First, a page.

Thursday, December 9, 2010

Charlotte's Dede Wilson pens page-turning poetry

Here's a sentiment you don't often hear: I picked up a new poetry book and couldn't put it down.

The book, by Charlotte poet Dede Wilson, is "Eliza: The New Orleans Years," published by Charlotte's Main Street Rag. And this slim volume, based on actual events, is a real page-turner.

Eliza was Wilson's great- great-grandmother, and her life with husband Caleb has long been a subject of fascination in Wilson's family. "I had always heard the story of Eliza and Caleb, that he had killed her husband in a duel and married her. That always haunted me," Wilson told me.

Wilson used her late mother's research and her own to write Eliza's story for family members. After she finished, she did more research for this fictional version.

"Eliza" is the tale of a young London woman who sails in 1837 with her mother and siblings to New Orleans. In route, she marries the ship's captain. But once on land, she meets Caleb.

Rich and precise, Wilson's blank-verse poems speed the story along. By the end of the book, it's 1862. New Orleans has fallen to Union troops, and Eliza's marriage is disintegrating.

When a writer bases fiction on a true story, I always end up wondering what parts were factual. Wilson answers that question nicely, explaining at the back of the volume the truth and fiction of each poem.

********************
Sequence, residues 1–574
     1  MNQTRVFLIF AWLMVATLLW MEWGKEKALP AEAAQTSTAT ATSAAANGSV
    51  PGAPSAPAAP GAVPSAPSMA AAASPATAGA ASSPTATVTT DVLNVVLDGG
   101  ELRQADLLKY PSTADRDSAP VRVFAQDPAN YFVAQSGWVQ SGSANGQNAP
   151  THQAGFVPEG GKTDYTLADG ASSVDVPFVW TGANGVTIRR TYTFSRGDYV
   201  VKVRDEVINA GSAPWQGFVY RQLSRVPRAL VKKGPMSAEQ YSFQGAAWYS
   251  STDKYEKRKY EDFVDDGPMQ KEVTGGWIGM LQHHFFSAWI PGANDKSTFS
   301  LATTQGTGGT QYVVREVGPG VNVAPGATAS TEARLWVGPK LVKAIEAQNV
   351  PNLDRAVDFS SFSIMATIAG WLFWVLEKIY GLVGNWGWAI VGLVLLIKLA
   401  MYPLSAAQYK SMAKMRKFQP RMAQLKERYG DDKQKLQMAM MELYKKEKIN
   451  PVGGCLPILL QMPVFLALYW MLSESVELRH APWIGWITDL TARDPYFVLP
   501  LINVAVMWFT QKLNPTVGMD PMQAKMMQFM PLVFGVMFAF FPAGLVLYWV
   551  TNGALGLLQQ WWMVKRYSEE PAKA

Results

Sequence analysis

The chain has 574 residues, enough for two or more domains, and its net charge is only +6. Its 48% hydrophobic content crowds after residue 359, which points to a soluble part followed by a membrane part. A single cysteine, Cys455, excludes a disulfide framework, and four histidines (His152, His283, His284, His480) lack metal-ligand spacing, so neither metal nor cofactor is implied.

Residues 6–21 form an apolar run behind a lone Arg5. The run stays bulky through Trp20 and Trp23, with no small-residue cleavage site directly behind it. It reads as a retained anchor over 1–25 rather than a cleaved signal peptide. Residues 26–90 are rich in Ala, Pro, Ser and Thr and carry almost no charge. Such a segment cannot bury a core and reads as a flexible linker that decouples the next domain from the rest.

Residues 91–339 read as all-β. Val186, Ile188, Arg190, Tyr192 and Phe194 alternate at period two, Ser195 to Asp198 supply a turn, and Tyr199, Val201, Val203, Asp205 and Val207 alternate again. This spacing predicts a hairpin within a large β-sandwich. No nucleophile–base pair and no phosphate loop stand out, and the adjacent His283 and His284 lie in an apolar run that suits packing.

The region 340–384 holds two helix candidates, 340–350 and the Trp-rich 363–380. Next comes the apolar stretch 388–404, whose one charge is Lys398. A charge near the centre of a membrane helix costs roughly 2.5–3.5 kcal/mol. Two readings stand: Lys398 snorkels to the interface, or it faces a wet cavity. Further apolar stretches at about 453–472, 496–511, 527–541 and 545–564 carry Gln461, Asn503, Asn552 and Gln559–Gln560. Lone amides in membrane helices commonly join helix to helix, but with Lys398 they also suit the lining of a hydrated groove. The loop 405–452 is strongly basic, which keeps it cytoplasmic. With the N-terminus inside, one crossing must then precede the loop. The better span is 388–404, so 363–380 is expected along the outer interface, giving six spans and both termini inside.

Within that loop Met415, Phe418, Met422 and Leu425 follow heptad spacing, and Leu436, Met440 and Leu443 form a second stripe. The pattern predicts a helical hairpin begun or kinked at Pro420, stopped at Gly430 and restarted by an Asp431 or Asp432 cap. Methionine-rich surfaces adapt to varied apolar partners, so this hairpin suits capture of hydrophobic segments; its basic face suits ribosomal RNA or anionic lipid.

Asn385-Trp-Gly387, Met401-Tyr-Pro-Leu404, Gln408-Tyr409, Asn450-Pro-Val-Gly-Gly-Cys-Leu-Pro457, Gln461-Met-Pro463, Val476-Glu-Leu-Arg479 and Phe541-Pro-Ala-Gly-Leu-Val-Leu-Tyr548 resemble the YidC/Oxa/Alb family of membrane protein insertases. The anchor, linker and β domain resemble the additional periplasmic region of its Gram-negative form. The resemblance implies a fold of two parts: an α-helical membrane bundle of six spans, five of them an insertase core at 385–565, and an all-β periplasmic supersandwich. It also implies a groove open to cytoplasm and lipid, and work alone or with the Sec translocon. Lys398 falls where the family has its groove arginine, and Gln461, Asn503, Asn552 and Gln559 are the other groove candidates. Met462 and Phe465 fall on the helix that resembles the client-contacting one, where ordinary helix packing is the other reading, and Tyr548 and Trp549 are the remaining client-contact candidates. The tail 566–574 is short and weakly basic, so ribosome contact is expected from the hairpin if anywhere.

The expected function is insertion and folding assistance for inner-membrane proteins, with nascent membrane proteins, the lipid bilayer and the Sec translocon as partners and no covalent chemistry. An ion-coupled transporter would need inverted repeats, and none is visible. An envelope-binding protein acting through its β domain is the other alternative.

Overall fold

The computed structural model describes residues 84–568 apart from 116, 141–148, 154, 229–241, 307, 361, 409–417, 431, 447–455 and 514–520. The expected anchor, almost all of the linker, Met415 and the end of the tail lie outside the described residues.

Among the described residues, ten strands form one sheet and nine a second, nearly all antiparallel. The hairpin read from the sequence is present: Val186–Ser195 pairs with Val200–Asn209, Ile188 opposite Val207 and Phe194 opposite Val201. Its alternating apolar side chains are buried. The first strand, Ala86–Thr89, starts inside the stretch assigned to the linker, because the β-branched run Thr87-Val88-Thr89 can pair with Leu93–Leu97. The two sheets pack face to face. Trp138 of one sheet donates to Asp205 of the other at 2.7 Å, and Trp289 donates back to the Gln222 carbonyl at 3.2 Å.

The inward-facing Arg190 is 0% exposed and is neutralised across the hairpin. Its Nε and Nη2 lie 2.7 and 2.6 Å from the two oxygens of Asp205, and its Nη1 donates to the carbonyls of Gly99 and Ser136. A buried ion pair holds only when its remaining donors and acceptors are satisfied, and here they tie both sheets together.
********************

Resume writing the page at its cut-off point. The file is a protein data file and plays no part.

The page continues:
Mark your calendar: She'll read from "Eliza" 7-9 p.m. Jan. 28 at Green Rice Gallery, 451 E. 36th St.

The following poem, "New Orleans," is from "Eliza." She has sailed from England and is newly arrived in New Orleans. It's 1837:

The smells are thicker than any in England:
coffee, sausages, sugared pecans. Flesh
too ripe, too perfumed. My own captain
unwashed--and me in sun-stained threads!
On the levee, a leper is begging.
Someone flips him a picayune. Enough,
I pray, for a dip of soup. I stumble
on rocks and cobbles, pitch through the streets.
Beg for my sisters. I saw Louise, I did,
peering back at me from a carriage.
That small bleached face. I cried to her, I ran--
my captain grabbed my sleeve. The sky is ringing
with heat and mosquitoes. I'm weak-kneed, trying
to breathe. Ah! Scents of camphor and sassafras--
that sweet reek of whisky reeling from doors.
The Vieux Carre. I sway against a wall.
He leads me by the wrist to a filthy street,
through a door, down an oily hall.